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'Cry, The Beloved Country' paves the way for 'The Grass is Singing'


In search of a publisher
Doris Lessing Writer
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So, I had this novel in two parts. One was my beautiful comic idea which I wasn't equipped to write, and the other was a short part of it, which was really the young white assistant observing what was going on.

Now, this novel, which was set – this is in wartime, mind you – in wartime, when U-boats were patrolling the oceans, so if you did send something, most often it got sunk or... so I sent this novel over to England, and it was rejected two or three times, and that now took a... you know, I'm saying that it took months to send a thing, if it ever... ever got here, and if it did get here then it would have to go back again... months again, if it didn't get sunk. So it was a great practice in patience, this whole process of learning to be a writer.

So there I had this manuscript, and it suddenly occurred to me – I had a perfectly good book here if I threw away two-thirds of it. So I threw away the parts that didn't work, the... the young assistant with his high-flown ideas about morality and decency and justice and all that, and I left the rest, and that was The Golden... that was The Grass is Singing... what remained is The Grass is Singing – a short novel – which is the remains of the... the big mass of manuscript I had. Once again, thank God, I tore it up, and because that really wouldn't sink me. So...

So... so there we are: that was The Grass is Singing. And the next thing that happened was, I had this manuscript, and I'm supposed to be a writer. Somebody comes up from Johannesburg and says, 'Oh, I can get you a publisher'. Takes it down to Johannesburg and sells it to a publisher, whose name I've now forgotten, and then he said he couldn't publish it because it was too abrasive. You know, it was, for the idea of the time, it was very abrasive – couldn't possibly publish it. So there it was sitting, and I had a, you know, a copy of a... I remember a page, a page of agreement between me and this crooked publisher...

So I came to England with this child and no money at all to speak of, and a lot of very unsuitable clothes. And so there I was near the Portobello Road, in a place that was very badly bomb-damaged, with... the walls were all crumbling; it hadn't... war damage hadn't been there yet, so I was in a part of that, living in a room and another room with the walls cracking, and of course since I was a Rhodesian used to warmth, the cold was quite hard to bear. You know, bringing a few lumps of coal up from the basement several times a day, and of course you never, I was never warm, so... and then what happened was, I wrote, I had some short stories that I'd written, and I sent them to Curtis Brown, which was and is one of the big agencies, and it got to a woman called Juliet O'Hae, who wrote back and said – which is routine, but I didn't know it – 'Yes, very nice, dear, but have you got a novel?'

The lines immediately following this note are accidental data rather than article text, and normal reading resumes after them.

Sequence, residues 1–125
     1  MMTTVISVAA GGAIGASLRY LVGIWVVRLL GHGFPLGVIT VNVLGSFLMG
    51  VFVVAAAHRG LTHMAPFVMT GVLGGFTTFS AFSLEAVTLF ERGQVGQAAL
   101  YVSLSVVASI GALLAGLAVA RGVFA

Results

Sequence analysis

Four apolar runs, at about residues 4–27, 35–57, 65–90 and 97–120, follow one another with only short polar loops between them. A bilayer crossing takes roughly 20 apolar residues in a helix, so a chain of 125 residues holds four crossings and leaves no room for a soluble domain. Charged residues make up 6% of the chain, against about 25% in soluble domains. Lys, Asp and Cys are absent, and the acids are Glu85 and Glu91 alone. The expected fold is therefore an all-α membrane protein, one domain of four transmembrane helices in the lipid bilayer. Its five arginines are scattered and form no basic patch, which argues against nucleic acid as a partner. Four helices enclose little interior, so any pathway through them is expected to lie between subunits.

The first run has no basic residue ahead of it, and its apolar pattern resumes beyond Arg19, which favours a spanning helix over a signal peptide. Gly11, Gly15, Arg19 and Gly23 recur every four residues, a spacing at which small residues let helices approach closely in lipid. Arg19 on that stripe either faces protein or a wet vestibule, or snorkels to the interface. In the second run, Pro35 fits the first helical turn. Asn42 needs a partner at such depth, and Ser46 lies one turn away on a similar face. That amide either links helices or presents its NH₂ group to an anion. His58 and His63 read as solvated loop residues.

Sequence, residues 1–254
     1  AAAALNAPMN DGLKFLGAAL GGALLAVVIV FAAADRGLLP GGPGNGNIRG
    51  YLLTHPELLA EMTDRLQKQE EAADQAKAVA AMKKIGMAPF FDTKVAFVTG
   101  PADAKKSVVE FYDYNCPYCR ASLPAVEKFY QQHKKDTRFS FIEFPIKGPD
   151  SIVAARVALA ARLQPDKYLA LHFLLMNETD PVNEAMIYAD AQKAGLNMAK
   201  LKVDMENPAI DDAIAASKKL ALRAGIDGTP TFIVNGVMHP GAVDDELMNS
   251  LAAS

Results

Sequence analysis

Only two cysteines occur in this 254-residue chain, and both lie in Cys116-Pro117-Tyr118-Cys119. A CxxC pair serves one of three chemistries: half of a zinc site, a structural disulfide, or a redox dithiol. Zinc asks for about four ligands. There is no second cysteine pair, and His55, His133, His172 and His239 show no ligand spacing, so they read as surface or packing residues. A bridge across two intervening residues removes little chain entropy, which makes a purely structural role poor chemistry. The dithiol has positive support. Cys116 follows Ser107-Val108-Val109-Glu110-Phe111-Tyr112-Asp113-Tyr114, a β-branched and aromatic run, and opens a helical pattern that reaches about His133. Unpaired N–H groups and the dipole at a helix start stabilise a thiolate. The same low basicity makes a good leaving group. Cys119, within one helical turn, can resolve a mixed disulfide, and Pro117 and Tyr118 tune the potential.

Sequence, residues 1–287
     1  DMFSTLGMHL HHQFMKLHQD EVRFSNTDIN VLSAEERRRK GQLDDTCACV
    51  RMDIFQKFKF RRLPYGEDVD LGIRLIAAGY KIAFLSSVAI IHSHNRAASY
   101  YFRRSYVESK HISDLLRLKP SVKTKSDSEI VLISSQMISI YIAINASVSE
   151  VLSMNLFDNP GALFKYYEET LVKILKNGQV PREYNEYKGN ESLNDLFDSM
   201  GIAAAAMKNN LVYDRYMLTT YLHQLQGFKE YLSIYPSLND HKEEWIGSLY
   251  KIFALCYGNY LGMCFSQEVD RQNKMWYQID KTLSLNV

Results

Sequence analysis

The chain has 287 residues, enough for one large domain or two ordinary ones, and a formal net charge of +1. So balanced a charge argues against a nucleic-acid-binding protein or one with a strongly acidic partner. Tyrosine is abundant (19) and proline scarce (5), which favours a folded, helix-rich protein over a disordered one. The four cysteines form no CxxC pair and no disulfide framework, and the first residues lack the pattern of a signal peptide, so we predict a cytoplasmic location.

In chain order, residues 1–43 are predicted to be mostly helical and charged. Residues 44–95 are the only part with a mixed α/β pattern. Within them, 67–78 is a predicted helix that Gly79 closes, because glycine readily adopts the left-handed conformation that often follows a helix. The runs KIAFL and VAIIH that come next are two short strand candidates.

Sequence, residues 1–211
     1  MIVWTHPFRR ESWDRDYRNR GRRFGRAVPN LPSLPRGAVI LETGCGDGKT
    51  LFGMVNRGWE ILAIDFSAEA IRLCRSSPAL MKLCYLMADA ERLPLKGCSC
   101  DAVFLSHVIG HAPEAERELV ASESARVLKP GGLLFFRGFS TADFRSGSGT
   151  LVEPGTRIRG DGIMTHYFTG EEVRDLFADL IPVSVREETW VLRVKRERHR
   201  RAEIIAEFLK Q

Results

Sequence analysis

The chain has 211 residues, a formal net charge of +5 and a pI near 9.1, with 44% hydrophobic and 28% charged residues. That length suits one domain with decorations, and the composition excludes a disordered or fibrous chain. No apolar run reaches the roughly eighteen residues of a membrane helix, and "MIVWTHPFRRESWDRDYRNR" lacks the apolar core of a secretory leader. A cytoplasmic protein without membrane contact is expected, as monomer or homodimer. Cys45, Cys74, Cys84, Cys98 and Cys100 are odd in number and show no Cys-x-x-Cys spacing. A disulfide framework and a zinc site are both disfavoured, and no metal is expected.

So I wrote back and said, 'I have a novel, but it's been sold to a Johannesburg publisher'. 'Let me see the agreement', says she, and she was so angry – she said she'd never seen anything so crooked and wicked and disgraceful. And she sent this man a telegramme – a telegramme, remember – saying, 'Release this author or I will expose you for what you are – a crook and a...' So he released me, and then he sold... she sold the novel over the weekend to Michael Joseph. The sub-clause... so much time has passed... is, of course, that Michael Joseph had been her lover, and she had a 'in' to Michael Joseph; she sold an immense number of books to Michael Joseph, and mine was one of them. And so it came out now.

Then what happened was, it... I got let... telephones from Michael Joseph saying, 'We are reprinting your book'. But since I was as green as I was, I thought this happened to everyone.

British writer Doris Lessing (1919-2013) was awarded the 2007 Nobel Prize in Literature. Her novels include 'The Grass is Singing', 'The Golden Notebook', and five novels collectively known as 'Canopus in Argos'. She was described by the Swedish Academy as 'that epicist of the female experience, who with scepticism, fire and visionary power has subjected a divided civilisation to scrutiny'. Lessing was the 11th woman and the oldest ever person to receive the Nobel Prize in Literature.

Listeners: Christopher Sykes

Christopher Sykes is an independent documentary producer who has made a number of films about science and scientists for BBC TV, Channel Four, and PBS.

Tags: The Grass Is Singing, England, Johannesburg, Southern Rhodesia, Curtis Brown, Michael Joseph

Duration: 4 minutes, 51 seconds

Date story recorded: June 2007

Date story went live: 21 October 2011